A website from the Massachusetts Historical Society; founded 1791.
close

Browsing: Papers of John Adams, Volume 5


Search for a response to this letter.

Docno: ADMS-06-05-02-0016

Author: Purviance, Samuel
Recipient: Adams, John
Date: 1776-09-18

From Samuel Purviance Jr.

[salute] Sir

I hope youle excuse the Liberty of this Adress from a Stranger, which I presume to take on the Strength of my Brothers Acquaintance with you,1 And he at present is from home.
The Bearer John Sterrit Esqr. my good Freind and Neighbor is Jointly with myself and some other Freinds Interested in the Privateer Enterprize of this Port, Capt. Campbel, who has sent in a Valuable Prize to Dartmouth in N. E. but as appears from the Prize Masters Letter to One of the Owners which Mr. Sterrit will shew you, Capt. Campbel neglected to put a Copy of his Commission on board, and besides had taken all the Prizes Papers on board his own Vessel. The Reason of this may easily be collected from the Prize Masters Letter, as Capt. Campbel intended to follow the Prize immediately to the Eastern Shore of this State. From the Aforementiond Circumstances theres a possibility of some difficulties arising about the Prize, which The Owners woud wish to take every rational Means of obviating. For this purpose we have dispatchd an Express after my Brother who yesterday set out for Chincotegue where we have heard of Captn. Campbels Arrival with several other Prizes;2 to procure the Prizes Papers to be sent after Mr. Sterrit who is directed to take a Copy of Captn. Campbels Commission from Congress where it was taken out. Shoud there be any Necessity for your Assistance in getting this done, I hope youle be so oblig• { 32 } ing as to render it. But what I woud principally request of you is, the favor of a Line to some of your Freinds at Boston who can serve Mr. Sterrit shoud our Claim be litigated. Of several Correspondents which My Brother and I had there, I have no Certainty where any of them are save Mr. Black who is at Philadelphia.
I have taken the Liberty of writing by Mr. Sterrit to your Freind Mr. Saml. Adams with whom I had the pleasure of Corresponding some times, but suppose his being there is uncertain.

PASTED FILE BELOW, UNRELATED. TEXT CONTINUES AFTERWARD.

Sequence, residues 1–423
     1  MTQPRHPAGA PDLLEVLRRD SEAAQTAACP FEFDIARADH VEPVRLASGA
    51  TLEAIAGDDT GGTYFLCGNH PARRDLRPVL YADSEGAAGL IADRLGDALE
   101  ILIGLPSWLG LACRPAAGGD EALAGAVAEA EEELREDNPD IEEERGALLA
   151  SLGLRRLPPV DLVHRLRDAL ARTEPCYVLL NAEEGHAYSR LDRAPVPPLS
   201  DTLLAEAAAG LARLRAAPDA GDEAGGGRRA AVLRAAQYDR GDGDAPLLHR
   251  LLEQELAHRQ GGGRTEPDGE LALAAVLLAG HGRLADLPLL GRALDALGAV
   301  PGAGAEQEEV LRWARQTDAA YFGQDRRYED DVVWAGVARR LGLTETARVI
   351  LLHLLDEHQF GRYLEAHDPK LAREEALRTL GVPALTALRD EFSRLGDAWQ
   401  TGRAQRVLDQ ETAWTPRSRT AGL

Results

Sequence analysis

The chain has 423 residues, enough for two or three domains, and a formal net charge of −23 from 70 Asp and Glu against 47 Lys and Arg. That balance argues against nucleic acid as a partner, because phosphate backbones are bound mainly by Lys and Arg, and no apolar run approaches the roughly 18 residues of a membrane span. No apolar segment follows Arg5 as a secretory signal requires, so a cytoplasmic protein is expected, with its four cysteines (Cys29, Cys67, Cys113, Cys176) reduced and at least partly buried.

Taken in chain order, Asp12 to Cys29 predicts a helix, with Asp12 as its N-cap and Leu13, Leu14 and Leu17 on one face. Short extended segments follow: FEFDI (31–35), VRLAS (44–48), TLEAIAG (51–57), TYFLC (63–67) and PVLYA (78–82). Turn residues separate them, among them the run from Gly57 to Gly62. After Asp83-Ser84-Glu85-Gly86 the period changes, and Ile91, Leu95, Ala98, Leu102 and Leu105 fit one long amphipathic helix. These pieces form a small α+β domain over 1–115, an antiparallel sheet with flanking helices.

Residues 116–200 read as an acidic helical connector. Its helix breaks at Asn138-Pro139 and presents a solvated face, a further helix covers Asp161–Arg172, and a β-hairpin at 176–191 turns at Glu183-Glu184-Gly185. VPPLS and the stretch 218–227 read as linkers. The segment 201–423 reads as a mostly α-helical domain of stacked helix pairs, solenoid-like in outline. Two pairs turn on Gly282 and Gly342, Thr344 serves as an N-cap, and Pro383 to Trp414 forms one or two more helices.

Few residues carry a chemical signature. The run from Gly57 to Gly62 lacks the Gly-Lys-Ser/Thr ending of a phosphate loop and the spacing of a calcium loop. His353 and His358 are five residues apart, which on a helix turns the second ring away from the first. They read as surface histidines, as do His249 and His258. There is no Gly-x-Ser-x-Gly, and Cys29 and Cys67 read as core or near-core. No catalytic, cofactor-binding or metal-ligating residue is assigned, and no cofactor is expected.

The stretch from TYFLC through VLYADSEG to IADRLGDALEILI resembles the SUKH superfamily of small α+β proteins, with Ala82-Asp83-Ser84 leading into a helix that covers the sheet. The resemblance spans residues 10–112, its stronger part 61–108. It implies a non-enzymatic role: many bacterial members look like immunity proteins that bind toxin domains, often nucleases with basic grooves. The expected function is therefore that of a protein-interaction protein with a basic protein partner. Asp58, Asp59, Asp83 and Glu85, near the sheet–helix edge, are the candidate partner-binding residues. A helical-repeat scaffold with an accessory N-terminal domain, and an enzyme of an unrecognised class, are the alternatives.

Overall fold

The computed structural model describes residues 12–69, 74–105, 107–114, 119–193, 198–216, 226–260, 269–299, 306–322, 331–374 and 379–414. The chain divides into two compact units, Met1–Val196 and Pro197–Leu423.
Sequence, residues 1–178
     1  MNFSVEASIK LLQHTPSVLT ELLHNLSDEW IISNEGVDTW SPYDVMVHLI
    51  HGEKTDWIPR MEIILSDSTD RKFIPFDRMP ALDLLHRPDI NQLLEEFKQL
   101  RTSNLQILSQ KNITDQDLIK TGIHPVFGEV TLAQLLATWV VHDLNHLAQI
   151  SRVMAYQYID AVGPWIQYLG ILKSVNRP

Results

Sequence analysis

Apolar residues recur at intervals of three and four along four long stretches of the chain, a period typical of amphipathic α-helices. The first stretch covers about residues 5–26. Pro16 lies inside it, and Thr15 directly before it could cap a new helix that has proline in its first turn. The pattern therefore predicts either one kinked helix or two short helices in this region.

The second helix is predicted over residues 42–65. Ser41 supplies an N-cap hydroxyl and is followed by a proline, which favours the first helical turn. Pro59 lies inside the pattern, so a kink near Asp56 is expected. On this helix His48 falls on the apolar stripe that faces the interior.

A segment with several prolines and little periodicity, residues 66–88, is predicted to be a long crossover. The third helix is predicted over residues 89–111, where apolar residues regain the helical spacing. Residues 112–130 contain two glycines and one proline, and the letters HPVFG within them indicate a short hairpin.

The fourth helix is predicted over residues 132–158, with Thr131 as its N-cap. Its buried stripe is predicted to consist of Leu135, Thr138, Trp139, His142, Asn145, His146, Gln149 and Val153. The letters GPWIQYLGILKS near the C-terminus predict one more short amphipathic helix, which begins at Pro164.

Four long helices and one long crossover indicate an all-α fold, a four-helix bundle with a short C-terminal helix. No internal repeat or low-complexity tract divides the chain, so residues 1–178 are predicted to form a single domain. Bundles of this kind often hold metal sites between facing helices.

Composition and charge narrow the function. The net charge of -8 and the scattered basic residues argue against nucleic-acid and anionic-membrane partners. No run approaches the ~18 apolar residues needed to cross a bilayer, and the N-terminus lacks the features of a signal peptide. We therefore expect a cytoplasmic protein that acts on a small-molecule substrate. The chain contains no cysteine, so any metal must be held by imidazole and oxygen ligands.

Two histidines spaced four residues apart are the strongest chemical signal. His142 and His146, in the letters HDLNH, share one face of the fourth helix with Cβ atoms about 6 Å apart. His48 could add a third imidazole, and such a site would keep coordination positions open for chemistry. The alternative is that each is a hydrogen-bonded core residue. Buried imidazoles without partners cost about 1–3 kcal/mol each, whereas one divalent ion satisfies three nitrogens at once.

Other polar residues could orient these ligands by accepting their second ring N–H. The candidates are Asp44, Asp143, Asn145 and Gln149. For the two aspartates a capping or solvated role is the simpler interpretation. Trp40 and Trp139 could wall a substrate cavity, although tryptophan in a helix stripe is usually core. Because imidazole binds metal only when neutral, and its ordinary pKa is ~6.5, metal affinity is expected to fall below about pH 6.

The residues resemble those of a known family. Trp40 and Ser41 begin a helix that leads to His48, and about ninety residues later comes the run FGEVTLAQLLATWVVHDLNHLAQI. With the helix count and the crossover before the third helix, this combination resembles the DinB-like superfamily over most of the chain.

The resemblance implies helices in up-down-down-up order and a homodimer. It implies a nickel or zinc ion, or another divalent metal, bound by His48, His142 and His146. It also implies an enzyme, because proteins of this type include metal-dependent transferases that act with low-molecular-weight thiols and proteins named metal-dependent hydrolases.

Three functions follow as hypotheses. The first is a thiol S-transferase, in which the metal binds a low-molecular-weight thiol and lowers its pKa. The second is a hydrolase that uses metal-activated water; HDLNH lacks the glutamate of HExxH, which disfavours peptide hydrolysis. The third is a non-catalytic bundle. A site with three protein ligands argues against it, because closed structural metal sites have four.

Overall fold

I cannot introduce to you a more firm Freind to his Country than Mr. Sterrit, who woud gladly have Marchd as a Volunteer to New York, coud he have engaged the whole or the Majority of the Indepent Company of this Place whereof he is Captain to have gone with him. His Brother a Youth of 19 Years who is now a Prisoner at Long Island Commanded the Company whereof he is First Lieutenant, with remarkable Bravery.3 He is One of the most hopeful Young men I know.
Mr. Sterrit is accompanied by Capt. Nathl. Smith Commander of the First Artillery Company of this State, And Commander of Fort [ . . . ] 4 River, an excellent Officer, and worthy Man. He tells me he was formerly of your Acquaintance. He is certainly no Dishonor to your Country from whence he came. Pardon this freedom and believe me to be with great Respect for your Person and Character, Sir Your very hble. Servt.
[signed] Saml Purviance Junr.
RC (Adams Papers); addressed: “To John Adams Esqr In Congress Philadelphia”; “Per Favr. of Jno. Sterrit Esqr”; docketed: “Mr Saml Purviance Jnr Sept 18. 1776.”
1. Robert Purviance; the brothers were prominent merchants in Baltimore. Samuel was chairman of the Baltimore Committee of Observation (JA, Diary and Autobiography , 2:260, note 1; Journal and Correspondence of the Maryland Council of Safety, July 7 – December 31, 1776, Archives of Maryland, Baltimore, 1893, p. 254; Ronald Hoffman, A Spirit of Dissension: Economics, Politics, and the Revolution in Maryland, Baltimore, 1973, p. 158).
2. See Capt. James Campbell's letter of 8 Sept. to John Hancock, which lists the prizes brought into Chincoteague, Va. ( Naval Docs. Amer. Rev. , 6:749).
3. William Sterrett (Sterrit), lieutenant of the Third Company in William Smallwood's battalion (Muster Rolls and Other Records of Service of Maryland Troops in the American Revolution, 1775–1783, Archives of Maryland, Baltimore, 1900, p. 5, 9; Heitman, Register Continental Army , p. 518).
4. MS is torn here, probably to remove the seal. The reference is to the fortified position at Whetstone Point between the branches of the Patapsco River, the site later of Fort McHenry (J. Thomas Scharf, The Chronicles of Baltimore, Baltimore, 1874, p. 9, 138).